Jim White

A replay is the only way

Jim White

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Now it has become political. Ireland's Prime Minister Brian Cowen has asked President Nicolas Sarkozy to step in to insist the World Cup qualifier between their two nations be replayed.

Mr Cowen has talked of the moral imperative, of the need to demonstrate the primacy of the rule book, of showing young people around the world that cheats do not prosper. And, though such a decision really should be nothing to do with him, Sarkozy probably agrees. Replaying the match would benefit everyone. Most French people of my acquaintance, already depressed by the decline in their national team, feel sullied and compromised by the manner of their qualification. They would welcome the chance to do it properly. Not just to win without recourse to a bit of ball-juggling, but to win in style, in the French way, the proper way.

How too would the referee benefit from the game being replayed. Poor Martin Hansson actually had a very good match on Wednesday, getting every decision right. Except the crucial one. He must have gone back to his hotel room after the game, run through the video of the decisive moment and immediately felt like someone who has just handed over their bank account details to an emailer from Nigeria who has been in touch promising to deposit therein several million quid. He was conned. And now his reputation is a joke. To erase this game from the record books is the only way he can be returned to the top table of officials.

Indeed, even Thierry Henry himself would be better off with a replay. Sure, his actions have projected his country to the finals, an outcome that seemed highly unlikely as they laboured against Ireland's spirited opposition. But the pay-off is, his carefully cultivated, hugely lucrative reputation is now terminally sullied. This wasn't Nicolas Anelka handling the ball, then admitting he knew what he was doing but didn't really care because as the ref didn't see it effectively it didn't happen. This was Thierry Henry, the clean cut promoter of clean cut razor blades. Hearing him deliver such a cynical view of his misdemeanour was a bit like hearing Sir Bobby Charlton outing himself as Belle de Jour.

Diego Maradona enjoyed a wonderful career, achieving the ultimate when he captained his country to World Cup triumph. But his wider renown has never fully escaped the shadow of his actions in the quarter final at Mexico '86. Even those who propose him as the finest player ever to play the game always have to add the caveat of his flagrant cheating that day against England. And such equivocation about his place in the pantheon is not just confined to England, where there is an obvious added reason not to forget.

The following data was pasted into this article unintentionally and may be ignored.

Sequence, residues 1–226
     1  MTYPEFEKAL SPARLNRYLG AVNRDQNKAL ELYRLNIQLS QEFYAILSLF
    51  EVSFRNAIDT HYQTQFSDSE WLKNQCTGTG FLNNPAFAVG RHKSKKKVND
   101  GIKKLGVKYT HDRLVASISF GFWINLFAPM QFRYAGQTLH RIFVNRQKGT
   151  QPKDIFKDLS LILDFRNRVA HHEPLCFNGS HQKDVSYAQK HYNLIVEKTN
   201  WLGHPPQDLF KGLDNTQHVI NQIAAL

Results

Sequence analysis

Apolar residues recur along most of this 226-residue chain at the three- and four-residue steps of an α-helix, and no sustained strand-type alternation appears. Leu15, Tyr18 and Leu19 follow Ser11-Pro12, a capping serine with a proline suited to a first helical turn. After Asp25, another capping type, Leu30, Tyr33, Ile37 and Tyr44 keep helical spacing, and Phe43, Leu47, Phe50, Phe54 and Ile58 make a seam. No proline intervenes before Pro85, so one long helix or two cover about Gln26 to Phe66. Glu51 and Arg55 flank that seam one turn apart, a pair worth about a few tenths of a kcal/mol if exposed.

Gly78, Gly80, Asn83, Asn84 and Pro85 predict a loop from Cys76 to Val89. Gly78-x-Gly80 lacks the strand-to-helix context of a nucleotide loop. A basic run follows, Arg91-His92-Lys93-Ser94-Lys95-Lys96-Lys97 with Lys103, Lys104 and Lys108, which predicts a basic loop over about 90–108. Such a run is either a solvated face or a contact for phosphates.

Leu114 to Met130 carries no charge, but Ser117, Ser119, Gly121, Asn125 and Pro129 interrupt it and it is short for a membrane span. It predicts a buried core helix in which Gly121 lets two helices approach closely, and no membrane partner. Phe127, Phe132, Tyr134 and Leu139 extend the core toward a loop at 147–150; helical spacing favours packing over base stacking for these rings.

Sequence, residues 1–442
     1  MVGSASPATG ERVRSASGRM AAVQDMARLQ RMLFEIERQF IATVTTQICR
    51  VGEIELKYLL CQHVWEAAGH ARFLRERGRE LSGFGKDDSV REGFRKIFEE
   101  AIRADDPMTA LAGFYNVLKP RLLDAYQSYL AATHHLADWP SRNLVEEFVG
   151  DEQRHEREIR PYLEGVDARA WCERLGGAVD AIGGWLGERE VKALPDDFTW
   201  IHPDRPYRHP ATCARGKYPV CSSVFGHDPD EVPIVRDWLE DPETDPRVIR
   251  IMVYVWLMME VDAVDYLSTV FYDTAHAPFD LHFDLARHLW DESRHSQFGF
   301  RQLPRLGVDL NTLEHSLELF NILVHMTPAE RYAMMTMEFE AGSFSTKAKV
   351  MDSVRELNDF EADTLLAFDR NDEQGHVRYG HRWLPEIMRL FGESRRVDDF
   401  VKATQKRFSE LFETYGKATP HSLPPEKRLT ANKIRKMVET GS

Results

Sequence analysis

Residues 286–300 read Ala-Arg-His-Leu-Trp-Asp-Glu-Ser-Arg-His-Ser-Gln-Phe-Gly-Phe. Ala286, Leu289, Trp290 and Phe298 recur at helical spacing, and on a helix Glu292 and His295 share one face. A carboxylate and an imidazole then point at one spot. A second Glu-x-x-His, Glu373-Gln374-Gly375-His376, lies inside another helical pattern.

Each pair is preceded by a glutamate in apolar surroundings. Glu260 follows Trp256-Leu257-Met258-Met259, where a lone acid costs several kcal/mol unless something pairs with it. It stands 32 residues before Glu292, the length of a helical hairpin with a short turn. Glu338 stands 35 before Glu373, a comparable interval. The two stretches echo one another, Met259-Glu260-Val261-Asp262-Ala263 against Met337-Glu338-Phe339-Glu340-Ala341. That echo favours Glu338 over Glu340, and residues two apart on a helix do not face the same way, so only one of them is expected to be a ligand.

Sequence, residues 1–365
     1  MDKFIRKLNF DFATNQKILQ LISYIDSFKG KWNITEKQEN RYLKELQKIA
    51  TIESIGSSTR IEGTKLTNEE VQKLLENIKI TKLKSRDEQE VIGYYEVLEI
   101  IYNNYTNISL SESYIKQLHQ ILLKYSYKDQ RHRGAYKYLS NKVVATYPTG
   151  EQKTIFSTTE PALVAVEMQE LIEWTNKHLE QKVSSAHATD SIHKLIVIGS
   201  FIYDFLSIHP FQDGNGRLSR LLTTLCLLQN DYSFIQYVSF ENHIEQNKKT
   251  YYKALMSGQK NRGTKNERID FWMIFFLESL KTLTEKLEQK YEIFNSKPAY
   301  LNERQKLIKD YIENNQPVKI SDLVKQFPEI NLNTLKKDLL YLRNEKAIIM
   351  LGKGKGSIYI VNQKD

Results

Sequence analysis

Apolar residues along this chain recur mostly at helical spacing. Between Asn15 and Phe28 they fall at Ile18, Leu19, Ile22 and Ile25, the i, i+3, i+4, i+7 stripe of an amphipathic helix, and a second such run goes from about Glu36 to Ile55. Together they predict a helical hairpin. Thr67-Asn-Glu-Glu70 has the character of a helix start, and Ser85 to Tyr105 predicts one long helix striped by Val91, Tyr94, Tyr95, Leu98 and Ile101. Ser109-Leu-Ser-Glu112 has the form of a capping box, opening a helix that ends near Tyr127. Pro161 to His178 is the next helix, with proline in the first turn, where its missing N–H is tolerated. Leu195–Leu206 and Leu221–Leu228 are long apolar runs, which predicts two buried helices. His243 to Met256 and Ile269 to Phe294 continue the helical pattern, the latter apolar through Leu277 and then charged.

What was the headline the French newspaper l'Equipe chose for its front page the day after the infamous game? "La main de Dieu". The Hand of God, a reference 23 years on to the Argentine's notoriety. Now, after the events in the Stade de France, Henry is forever linked with the cheat Maradona. Even if he were to lead his team to victory in Johannesburg next July, scoring a hat trick of beautiful goals in the final and then donating his winner's cheque to the local Aids foundation, the hand that lifts the cup will be forever regarded as tainted. A replay, however, especially if he himself proposed one, would go a long way to erasing such a stain on his character.

Plus there is precedent. And it involves a Frenchman. It happened in 1999 when Arsenal won a FA Cup tie against Sheffield United with a goal from Kanu which flouted the convention that a side cedes possession when the ball is put of play following an injury. Arsene Wenger graciously offered Sheffield a replay. Which Arsenal subsequently won, this time in far more satisfactory circumstances.

All this suggests a replay is not only essential, but practical and of enormous, cathartic benefit. But of course it is not going to happen. The machinery of the game has moved on, Fifa say there is no time to insert it into the calendar. And besides, the outcome is not one they regret. So France - shame-faced and embarrassed - will be in the draw on December 4. Henry will be booed every time he kicks the ball. Hansson can forget ever officiating in a big game again. The entire nation of Ireland will now be wound up in righteous indignation for the immediate future. But Fifa will be fine. Because for them, apparently, it never happened.

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